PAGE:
Opinion: Now is the Time to Rededicate Ourselves to Dr. King’s Work and Legacy
August 25, 2011
When Dr. Martin Luther King, Jr. made his most famous speech on the steps of the Abraham Lincoln Memorial on August 28, 1963, I was in Charleston, South Carolina preparing for my second year as a history teacher at segregated C. A. Brown high school. I first met the civil rights icon during the weekend of October 14-16, 1960 while serving as a founding member of the Student Non-violent Coordinating Committee (SNCC). The last time I saw Dr. King was July 31, 1967, when we had lunch in the home of Septima Poinsett Clark who ran the Freedom School on Johns Island and taught Rosa Parks at Highlander School in Tennessee. The civil rights movement was truly a church-centered movement, and having grown up in a parsonage as the eldest son of a minister, the leaders of the movement were men and women who were like family to me.
Now that we have the long-dreamed-of memorial to Dr. King, I marvel at the progress we have made with the election of our nation’s first African-American President, and yet we still confront significant obstacles. Dr. King’s work continues today. Time was a very important theme in Dr. King’s writings and speeches. In April 1963, he wrote from the Birmingham jail in response to fellow clergymen who called his actions there “unwise and untimely:”
“Time itself is neutral; it can be used either destructively or constructively. More and more I feel that the people of ill will have used time much more effectively than have the people of good will. Human progress never rolls in on wheels of inevitability; it comes through the tireless efforts of men willing to be co-workers with God… We must use time creatively, in the knowledge that the time is always ripe to do right.”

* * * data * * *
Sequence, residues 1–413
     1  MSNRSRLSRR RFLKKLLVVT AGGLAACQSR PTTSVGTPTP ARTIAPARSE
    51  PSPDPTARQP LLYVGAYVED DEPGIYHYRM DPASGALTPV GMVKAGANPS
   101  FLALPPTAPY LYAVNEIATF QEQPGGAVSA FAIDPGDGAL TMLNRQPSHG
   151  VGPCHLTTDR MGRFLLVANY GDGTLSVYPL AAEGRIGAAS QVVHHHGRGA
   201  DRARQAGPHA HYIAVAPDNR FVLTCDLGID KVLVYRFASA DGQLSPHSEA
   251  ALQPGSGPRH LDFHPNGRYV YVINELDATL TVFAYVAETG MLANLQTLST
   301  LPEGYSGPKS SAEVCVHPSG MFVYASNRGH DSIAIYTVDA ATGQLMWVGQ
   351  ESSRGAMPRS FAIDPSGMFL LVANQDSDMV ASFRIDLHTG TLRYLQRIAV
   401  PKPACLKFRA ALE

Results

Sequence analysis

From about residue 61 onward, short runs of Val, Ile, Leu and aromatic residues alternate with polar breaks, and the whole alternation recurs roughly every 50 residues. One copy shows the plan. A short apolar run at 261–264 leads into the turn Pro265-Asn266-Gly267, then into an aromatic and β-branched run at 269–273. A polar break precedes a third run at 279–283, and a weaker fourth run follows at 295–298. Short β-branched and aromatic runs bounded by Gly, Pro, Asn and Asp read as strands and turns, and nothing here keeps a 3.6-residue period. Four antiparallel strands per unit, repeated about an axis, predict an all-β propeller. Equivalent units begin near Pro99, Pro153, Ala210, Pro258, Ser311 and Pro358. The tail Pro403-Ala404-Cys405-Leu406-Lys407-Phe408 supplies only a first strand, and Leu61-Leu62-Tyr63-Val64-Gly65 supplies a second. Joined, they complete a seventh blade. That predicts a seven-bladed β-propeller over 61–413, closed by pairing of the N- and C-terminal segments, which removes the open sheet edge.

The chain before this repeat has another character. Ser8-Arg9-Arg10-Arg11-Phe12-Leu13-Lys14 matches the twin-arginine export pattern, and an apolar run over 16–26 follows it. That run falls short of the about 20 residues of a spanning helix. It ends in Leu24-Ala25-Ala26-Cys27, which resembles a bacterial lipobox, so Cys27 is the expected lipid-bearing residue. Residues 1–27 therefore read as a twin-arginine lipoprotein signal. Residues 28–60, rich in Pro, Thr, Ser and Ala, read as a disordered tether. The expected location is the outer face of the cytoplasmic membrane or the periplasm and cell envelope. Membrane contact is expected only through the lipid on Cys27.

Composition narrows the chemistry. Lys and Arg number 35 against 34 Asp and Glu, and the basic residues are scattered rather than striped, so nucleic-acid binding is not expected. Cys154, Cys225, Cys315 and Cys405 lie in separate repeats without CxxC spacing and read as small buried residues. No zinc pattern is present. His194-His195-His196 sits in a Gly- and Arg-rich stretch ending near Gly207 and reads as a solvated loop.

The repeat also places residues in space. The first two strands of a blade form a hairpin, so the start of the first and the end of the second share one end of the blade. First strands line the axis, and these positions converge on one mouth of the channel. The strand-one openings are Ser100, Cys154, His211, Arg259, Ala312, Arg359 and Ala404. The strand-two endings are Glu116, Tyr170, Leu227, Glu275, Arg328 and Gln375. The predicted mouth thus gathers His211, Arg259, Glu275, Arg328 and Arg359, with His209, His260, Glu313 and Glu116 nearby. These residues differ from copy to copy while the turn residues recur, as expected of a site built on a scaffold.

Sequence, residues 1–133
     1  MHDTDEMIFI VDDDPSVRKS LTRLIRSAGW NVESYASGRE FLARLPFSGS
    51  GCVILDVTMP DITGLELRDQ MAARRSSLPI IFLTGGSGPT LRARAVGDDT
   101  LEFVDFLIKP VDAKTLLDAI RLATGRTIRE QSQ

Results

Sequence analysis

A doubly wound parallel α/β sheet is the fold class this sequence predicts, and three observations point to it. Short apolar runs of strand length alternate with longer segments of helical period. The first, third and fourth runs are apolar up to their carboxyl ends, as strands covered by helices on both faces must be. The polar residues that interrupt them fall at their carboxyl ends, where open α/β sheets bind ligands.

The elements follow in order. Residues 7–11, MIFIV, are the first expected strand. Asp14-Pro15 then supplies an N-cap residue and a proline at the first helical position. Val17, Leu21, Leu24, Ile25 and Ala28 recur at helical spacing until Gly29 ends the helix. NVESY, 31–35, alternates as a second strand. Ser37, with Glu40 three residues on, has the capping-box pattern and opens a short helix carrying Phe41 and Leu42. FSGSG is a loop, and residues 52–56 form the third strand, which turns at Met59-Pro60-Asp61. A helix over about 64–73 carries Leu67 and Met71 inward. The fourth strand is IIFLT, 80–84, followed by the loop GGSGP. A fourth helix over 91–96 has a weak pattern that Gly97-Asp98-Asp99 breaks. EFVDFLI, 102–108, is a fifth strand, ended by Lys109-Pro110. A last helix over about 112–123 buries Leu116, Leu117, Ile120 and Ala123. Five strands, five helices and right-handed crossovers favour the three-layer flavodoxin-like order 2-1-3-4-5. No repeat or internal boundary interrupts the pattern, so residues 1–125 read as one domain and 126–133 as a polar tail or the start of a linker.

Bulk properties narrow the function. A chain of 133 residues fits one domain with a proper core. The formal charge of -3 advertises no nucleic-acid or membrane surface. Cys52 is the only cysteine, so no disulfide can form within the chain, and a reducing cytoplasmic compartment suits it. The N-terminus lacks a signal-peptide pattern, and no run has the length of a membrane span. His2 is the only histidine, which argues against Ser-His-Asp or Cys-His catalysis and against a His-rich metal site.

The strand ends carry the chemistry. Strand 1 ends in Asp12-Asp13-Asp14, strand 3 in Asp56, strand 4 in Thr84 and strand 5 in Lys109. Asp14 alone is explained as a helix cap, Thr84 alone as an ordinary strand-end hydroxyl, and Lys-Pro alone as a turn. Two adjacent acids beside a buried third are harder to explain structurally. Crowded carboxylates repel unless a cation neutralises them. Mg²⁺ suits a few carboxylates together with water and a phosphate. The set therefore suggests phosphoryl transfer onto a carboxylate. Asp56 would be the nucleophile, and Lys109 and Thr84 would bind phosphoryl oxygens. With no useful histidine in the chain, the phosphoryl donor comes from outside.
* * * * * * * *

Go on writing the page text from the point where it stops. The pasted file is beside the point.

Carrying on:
So when the time came for Dr. King to speak at the March on Washington, he returned to this fixation on time. “We have also come to this hallowed spot to remind America of the fierce urgency of Now. This is no time to engage in the luxury of cooling off or to take the tranquilizing drug of gradualism.” Dr. King’s acute awareness of time always fascinated me and his refusal to be deterred by it still motivates me. It remains poignant especially today. Although the “I Have a Dream” portion of that Lincoln Memorial speech – 48 years ago – captured the emotions of the public and precipitated the name by which it is known, Dr. King’s focus on time and resources gave the speech the substance that should sustain all of us today.
The memorial to Dr. King that will be dedicated this fall has been a long time coming. At this moment in time, I’m hopeful it can do for our country what the March on Washington for Jobs and Freedom did in 1963 – bring people of good will together to overcome the efforts of people of ill will. I’m hopeful this occasion may begin to relieve the anxiety I see among so many Americans today; the anxiety resulting from tough economic times and the inaction of political leaders who reject the art of compromise essential to forming a more perfect union.
Too often overlooked in Dr. King’s speeches and activities is his focus on jobs and opportunity. Dr. King said he refused to believe the vault of opportunity in this great country is empty. Yet in 2011, the gap continues to grow wider between those who enjoy great wealth and those who struggle to get by with little thought of ever getting ahead. What more proof do we need that “human progress never rolls in on wheels of inevitability?”
Now is the time to rededicate ourselves to Dr. King’s work. A good place to start is with the Congressional Black Caucus’ jobs agenda to enable America to win the future. In this time of limited resources and global competition, we must make smart investments in infrastructure, innovation and education.
With this fitting tribute to Dr. King, we must work to do justice to the legacy of the leaders of the movement by seizing the moment to create a vibrant economy that provides opportunity and justice for all.